RAK, Julie




Author Tags: Doukhobors

Drawing on interviews, prison diaries, court documents and newspapers, Julie Rak, as an Alberta-based English professor, has examined how Doukhobor history can be collectively recorded through individual stories in Negotiated Memory: Doukhobor Autobiographical Discourse (UBC Press, 2004, $85). Its publication coincided--coincidentally--with the arrival of Leo Tolstoy's great-great-grandson Vladimir Ilyrich Tolstoy in Castlegar in April to attend the opening of an exhibit at the Doukhobor Village Museum. This exhibit from Russia features some letters and documents of Sergei Tolstoy, the novelist's eldest son, who accompanied the Doukhobors to Canada aboard the SS Lake Superior. Their emigration from Russia to escape harrassment from state and church authorities was partially funded by the royalties from Tolstoy's final novel Resurrection. Julie Rak has explored how and why the Doukhobors, by and large, rejected the 'western institution of autobiography' as a community oriented group. In particular, she suggests, the more radical Sons of Freedom sect did not construct identities that were dependent on "the Western and liberal-capitalist split between self and life."

[BCBW 2004] "Doukhobors"

Review of the author's work by BC Studies:
Negotiated Memory: Doukhobor Autobiographical Discourse

Negotiated Memory: Doukhobor Autobiographical Discourse (UBC Press $85)
Review


from BCBW Summer 2004
Drawing on interviews, prison diaries, court documents and newspapers, Julie Rak has examined the difficulties of recording Doukhobor history through individual stories in Negotiated Memory: Doukhobor Autobiographical Discourse (UBC Press $85).

Its publication coincided with the arrival of Leo Tolstoy’s great-great-grandson Vladimir Ilych Tolstoy in Castlegar to attend the opening of an exhibit at the Doukhobor Village Museum.

The Tolstoy exhibit from Russia features letters and documents of Sergei Tolstoy, the novelist’s son, who accompanied Doukhobors to Canada aboard the SS Lake Superior from Batum to Halifax in 1898-99. (In his memoirs Sergei Tolstoy credits the anarchist Peter Kropotkin as being the main initiator of the pacifists’ migration from state and church authorities—an exodus that was famously funded by royalties from Tolstoy’s final novel Resurrection.)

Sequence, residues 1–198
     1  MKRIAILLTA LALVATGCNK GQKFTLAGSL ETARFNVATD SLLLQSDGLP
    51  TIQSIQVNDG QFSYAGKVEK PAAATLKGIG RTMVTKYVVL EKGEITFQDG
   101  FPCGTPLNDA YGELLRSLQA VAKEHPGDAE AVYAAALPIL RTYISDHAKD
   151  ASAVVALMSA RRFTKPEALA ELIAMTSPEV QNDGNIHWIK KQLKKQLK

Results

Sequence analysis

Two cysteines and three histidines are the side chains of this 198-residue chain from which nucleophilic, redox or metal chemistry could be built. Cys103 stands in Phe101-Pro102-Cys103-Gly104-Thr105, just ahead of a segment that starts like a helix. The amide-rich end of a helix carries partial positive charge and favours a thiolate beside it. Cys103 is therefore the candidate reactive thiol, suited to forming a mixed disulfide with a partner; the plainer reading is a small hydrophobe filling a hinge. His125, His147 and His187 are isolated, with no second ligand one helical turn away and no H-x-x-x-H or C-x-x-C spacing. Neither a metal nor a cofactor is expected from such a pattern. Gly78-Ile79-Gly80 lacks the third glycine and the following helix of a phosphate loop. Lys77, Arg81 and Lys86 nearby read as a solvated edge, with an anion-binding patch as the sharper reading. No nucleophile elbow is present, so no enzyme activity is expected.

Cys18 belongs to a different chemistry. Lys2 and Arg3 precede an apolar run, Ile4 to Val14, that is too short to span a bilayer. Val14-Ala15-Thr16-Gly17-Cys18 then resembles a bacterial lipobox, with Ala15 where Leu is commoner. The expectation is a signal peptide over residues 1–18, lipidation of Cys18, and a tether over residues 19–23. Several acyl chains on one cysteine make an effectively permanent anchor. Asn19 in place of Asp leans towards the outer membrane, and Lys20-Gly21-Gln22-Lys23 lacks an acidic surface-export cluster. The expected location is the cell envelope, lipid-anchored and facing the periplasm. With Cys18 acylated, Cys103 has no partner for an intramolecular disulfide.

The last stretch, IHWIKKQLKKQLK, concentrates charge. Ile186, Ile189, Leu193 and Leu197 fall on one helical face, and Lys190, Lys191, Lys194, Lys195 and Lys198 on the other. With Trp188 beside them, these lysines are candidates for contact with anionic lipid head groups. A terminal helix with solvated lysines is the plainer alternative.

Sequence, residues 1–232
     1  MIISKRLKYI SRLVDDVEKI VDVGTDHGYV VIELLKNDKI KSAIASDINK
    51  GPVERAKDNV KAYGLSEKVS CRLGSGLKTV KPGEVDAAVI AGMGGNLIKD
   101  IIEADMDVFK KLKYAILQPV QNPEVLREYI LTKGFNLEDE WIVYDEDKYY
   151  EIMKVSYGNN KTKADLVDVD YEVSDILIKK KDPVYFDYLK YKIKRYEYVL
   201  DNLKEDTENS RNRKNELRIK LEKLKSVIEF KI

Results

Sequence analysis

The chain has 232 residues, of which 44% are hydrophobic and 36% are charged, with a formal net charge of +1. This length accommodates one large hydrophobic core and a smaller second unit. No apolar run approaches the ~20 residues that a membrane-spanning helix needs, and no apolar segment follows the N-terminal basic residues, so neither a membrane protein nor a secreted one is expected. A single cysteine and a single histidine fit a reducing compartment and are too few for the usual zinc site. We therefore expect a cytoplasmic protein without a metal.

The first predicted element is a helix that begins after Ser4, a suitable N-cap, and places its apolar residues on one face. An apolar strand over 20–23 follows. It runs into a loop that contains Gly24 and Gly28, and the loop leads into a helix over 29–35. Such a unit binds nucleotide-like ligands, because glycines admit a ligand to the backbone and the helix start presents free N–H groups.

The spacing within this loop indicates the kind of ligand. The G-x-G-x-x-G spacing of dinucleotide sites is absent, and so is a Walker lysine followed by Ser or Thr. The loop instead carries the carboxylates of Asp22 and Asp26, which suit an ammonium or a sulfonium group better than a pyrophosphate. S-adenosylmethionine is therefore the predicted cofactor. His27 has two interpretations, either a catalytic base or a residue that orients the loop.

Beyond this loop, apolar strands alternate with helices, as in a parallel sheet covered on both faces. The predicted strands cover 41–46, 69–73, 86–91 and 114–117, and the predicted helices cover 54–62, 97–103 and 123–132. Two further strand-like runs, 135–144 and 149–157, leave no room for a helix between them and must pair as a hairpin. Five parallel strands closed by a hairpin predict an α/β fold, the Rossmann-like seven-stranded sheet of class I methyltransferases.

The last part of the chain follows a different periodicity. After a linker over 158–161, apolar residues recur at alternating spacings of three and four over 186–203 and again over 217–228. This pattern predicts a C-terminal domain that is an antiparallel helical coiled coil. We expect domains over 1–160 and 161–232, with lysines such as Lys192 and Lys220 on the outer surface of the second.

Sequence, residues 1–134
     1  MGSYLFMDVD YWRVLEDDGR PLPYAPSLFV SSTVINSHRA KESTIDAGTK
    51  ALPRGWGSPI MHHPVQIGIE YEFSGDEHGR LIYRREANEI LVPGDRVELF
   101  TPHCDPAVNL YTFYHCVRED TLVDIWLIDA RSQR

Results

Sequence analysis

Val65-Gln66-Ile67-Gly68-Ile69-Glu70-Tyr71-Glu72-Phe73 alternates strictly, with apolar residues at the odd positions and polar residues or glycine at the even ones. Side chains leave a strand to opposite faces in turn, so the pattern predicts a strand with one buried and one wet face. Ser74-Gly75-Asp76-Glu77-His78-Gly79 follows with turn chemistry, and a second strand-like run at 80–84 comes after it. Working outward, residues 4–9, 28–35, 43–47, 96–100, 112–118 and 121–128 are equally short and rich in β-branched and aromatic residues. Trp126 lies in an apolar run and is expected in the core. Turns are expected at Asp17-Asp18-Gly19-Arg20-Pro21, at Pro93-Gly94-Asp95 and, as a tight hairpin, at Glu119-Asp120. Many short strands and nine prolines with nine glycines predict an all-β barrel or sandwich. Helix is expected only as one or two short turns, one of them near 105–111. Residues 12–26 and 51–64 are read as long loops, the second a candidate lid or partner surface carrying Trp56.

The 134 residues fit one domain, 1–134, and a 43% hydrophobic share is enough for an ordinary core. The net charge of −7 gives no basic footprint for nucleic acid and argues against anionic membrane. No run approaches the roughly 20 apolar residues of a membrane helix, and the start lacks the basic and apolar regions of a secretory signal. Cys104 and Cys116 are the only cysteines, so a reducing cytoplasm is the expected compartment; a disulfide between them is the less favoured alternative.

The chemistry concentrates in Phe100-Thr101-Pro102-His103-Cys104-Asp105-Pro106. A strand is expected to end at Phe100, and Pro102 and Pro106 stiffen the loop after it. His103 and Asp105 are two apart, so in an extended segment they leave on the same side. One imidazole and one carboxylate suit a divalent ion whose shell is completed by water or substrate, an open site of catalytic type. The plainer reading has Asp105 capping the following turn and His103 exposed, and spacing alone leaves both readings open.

Julie Rak has explored how and why the Doukhobors mostly rejected the ‘western insti-
tution of autobiography’. In particular, she suggests the more radical Sons of Freedom sect did not construct identities that were dependent on “the Western and liberal-capitalist split between self and life.” As a community oriented group, the Doukhobors were guided by the psalms of the Living Book that stressed “our physical, earthly body is not our real being. Our real being is the soul within our body.”

The Social Credit government of W.A.C. Bennett and the RCMP proved woefully inadequate in terms of understanding Doukhorism and its discontents in the 1950s and 1960s. In the process, inflammatory reporting by Simma Holt in the Vancouver Sun and in her book Terror in the Name of God—dedicated to the RCMP detachment investigating the Freedomites—caused damage as irreparable as arson.

While The Doukhobors by Ivan Avakumovic and George Woodcock has gradually eroded ignorance and prejudice about Doukhoborism, Julie Rak has taken Simma Holt to task on specifics. She provides insights into how specifically the reporter contorted Fred Davidoff’s memoir that he wrote in six ten-cent scribblers while he was in Oakalla Prison.

“Simma Holt entitled it ‘Autobiography of a Fanatic’,” says Rak, “a move that immediately makes Davidoff’s story that of an uncontrollable, unpredictable, and exotic other who must be recuperated into a discourse of the Canadian, law-abiding centre… She describes Davidoff as overweight, with a face that could sometimes be ugly and sometimes ‘child-like’.”

Doukhobor spirituality was more sophisticated than Simma Holt was able or willing to convey. Davidoff had justified his unwillingness to purchase land, on principle, based upon his grandfather telling him, “It is my religious belief that we Doukhobors came to Canada only for a time, to fulfil our mission, and the day will soon be at hand when we will leave Canada. I did not accept a homestead because I could not swear an oath of allegiance to no king or queen.

“We left Russia proclaiming ourselves citizens of the universe, recognizing Jesus Christ as the only King and his law as the only Law. All other laws are from the devil; throne and government are of the devil.”

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